<5 Minutes of Play Jam: The Twine Submissions

The <5 Minutes of Play Jam has finished taking submissions and is currently in the voting phase. For those who haven’t heard of this jam, each submission must be able to be played in under five minutes. I planned on playing all of these anyways so I decided I would also post some thoughts I had about each one. Being there are 22 submissions I am splitting these posts up. There will be a total of three posts. So, let’s begin.

Brutal Tendency – Browser
Mars B

I really enjoyed how uncomfortable this game made me. Not in the sense of unsettling content but in how insecure I was making every decision. The game begins in media res with the player asked a question about the price of what they desire. I don’t know what it is that I am paying for nor do I find out. I discover I am wanting a witch to make a potion, but there are no details past that. Several events happen that force the player to make choices they do not understand and lack the means to even guess the consequences. There is no backstory, no lore, and no resolution and it is amazing.


I Simply Adore You – Browser

Unfortuantely, I Simply Adore You isn’t interactive at all and plays more like a digital book. The story is decent and seems to be heavily inspired by the stylings of “creepypasta” short stories. I enjoyed it for what it was but I’m more interested in where the developer goes from here. There is definitely potential for making great Twine games and their writing style unique enough to stand out.


That Abominable Urge – Browser

I never quite grasped what the story was about despite playing it through four or five times. I believe it was about a demon ripping your soul out of you through your mouth. I could be wrong. However, the writing was very descriptive regarding what was happening physically to the player during this tug-of-war. There is only one path to “win” the game and, without any knowledge to the consequences of each action, ends up requiring a bit of the “try every combination” tactic to reach the “good” ending.

I expected quite a bit more Twine games to be part of this jam due to the ease of creation and being better suited to the tiny gameplay window. 3 out of 22 is a bit small though so I’ll look at 3 other games as well.


The Clock and the Chaos – Browser

A wizard uses their power to bring chaos into the world, which causes the gears of a clock tower to gradually decay. It is up to a tiny repair robot to keep the chaotic energies from reaching the center cog. The game is surprisingly polished featuring a beautiful, moody art style coupled with a melancholy soundtrack. Unfortunately, as with anybody who tries to push against entropy, the robot will eventually fail.


Electric Moon
Cory Martin

Just to put this upfront, this game is difficult. While my finished playtime was just shy of five minutes, I must have played this game for half an hour. Imagine Sinistar hovering around a defenseless player character who is trying to get past moderately difficult platforming segments. The Electric Moon, which is the enemy that flies around the screen, is a hundred times worse than that mask from Mario 2. Aside from the difficulty, the games utilizes a beautiful 8-bit aesthetic despite the visual sparsity. The music is ominous in a lonely kind of way that meshes well with the impossibility of the task. The heroine knows this is a suicide mission, but nobody else could do it.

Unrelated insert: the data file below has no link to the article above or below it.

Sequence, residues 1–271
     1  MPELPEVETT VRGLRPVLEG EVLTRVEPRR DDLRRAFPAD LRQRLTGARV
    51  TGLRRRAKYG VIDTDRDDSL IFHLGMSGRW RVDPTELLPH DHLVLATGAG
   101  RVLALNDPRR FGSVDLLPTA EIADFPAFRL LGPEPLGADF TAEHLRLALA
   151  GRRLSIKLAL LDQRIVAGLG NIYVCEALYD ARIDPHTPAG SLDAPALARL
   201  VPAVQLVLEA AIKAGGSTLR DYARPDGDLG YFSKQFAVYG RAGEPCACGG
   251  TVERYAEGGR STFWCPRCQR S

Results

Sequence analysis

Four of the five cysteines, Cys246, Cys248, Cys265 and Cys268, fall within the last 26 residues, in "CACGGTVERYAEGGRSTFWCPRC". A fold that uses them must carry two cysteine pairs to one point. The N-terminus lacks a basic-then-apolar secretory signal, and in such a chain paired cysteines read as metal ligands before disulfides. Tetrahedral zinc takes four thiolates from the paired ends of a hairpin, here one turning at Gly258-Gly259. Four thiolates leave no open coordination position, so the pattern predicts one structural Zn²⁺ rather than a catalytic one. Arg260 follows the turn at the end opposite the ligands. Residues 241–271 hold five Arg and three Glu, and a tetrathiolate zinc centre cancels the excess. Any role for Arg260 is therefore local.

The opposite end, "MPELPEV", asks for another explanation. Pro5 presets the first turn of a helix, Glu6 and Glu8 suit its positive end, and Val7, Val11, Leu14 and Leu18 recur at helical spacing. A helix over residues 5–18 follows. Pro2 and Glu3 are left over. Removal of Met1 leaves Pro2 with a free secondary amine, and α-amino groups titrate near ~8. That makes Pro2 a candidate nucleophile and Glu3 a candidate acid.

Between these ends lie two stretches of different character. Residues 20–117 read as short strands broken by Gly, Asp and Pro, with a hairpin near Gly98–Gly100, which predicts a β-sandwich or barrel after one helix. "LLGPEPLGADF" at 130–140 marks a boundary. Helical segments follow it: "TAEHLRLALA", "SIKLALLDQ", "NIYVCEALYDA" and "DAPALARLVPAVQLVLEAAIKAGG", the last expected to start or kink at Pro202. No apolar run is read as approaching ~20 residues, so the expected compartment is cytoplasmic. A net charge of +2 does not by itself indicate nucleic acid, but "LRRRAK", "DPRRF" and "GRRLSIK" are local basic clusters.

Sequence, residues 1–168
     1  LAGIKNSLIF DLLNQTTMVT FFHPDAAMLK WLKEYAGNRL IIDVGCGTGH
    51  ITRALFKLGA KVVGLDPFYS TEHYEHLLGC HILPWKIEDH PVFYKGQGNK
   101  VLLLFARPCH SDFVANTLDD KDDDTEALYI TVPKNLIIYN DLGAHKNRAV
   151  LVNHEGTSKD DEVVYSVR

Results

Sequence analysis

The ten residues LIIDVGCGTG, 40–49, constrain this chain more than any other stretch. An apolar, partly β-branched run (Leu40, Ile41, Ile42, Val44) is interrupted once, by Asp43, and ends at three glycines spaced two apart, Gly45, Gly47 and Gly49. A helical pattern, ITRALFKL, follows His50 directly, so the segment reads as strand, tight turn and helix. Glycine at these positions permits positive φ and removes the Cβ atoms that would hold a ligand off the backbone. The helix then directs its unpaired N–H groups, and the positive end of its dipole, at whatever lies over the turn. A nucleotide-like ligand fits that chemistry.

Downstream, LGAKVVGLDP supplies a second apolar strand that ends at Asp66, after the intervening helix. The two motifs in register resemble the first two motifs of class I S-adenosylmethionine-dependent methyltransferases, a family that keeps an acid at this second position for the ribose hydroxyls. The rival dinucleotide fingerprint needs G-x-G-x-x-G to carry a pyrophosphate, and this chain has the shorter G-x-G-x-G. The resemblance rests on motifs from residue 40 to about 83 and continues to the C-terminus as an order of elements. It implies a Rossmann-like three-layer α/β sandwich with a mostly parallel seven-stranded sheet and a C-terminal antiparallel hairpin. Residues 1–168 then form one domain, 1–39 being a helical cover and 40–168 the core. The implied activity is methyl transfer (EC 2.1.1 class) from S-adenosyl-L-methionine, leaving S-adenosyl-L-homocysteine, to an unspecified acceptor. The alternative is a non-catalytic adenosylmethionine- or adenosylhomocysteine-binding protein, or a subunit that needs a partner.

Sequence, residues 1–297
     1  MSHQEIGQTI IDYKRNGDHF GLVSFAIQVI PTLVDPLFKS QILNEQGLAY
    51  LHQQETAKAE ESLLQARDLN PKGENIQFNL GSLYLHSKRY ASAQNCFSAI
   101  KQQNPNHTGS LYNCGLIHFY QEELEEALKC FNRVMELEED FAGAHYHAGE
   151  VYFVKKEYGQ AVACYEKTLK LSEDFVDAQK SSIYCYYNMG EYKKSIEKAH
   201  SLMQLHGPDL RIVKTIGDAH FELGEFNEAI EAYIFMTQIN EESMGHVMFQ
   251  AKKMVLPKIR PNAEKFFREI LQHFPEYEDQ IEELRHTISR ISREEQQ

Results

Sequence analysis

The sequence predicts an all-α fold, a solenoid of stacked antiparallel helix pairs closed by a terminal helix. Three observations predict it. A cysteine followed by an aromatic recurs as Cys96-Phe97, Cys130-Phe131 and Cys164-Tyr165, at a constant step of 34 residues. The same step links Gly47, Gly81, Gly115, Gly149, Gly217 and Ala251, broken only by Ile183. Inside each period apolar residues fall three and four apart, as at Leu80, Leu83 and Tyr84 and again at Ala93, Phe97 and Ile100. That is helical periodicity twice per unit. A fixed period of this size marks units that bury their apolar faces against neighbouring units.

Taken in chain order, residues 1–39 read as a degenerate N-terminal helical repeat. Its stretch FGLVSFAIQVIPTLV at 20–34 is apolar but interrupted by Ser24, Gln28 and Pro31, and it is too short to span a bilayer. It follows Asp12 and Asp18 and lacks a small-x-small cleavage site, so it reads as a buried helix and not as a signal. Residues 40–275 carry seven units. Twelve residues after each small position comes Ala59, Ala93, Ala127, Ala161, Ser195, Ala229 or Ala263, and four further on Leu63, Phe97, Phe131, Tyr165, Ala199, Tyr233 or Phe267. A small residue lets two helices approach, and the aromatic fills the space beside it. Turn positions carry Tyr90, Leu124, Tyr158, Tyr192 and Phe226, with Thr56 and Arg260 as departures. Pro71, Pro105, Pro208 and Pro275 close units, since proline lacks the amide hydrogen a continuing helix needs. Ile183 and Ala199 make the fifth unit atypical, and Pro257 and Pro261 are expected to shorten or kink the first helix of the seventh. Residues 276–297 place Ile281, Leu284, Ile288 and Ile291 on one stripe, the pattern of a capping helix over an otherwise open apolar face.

Inde Divellit
Pandito (Joesph)

This is a really unique game and is, insofar, my favorite despite it’s flaws. The basic premise is that of a sidescrolling space shooter, think R-Type. At any time, though, you can switch views to inside of the ship where you take command of an engineer who can repair and of the three areas of the ship by hitting them with her wrench. The game doesn’t pause for this however creating some very tense sections where I was constantly switching between piloting my ship and repairing it.


2 responses to “<5 Minutes of Play Jam: The Twine Submissions

  1. Oh man, I’ve never seen people review small game jams like this, really cool to see it!

    And I definitely agree with most of those, though I perhaps liked The Clock and the Chaos even more; just a stunningly beautiful game…

    Also, as the dev who made The Abominable Urge, I…guess I didn’t make the good ending clear enough, whoops >__> In any case, it’s extrapolated entirely from this gif, if you’re interested: http://9gag.com/gag/aObp553/a-pelican-yawning It just…ugh, it’s such an incredible image, I just hope I did it justice…

    and now I will slink away, don’t know how well people like people commenting on reviews about their own stuff is that, like, really gauche

    Liked by 1 person

    • Ah! Thanks so much for that clarification. As someone who had never seen that gif, much less any pelican yawning, I would never have made the correlation. Without any other knowledge I assumed the protagonist to be human, which only made the ending about flying with the pelicans even more bizarre 🙂

      And regarding making comments about a review of your own game, I think it is necessary. It is an open dialogue between the developer and the critic which can only amount to gained knowledge for both parties, assuming everyone approaches with an open mind.


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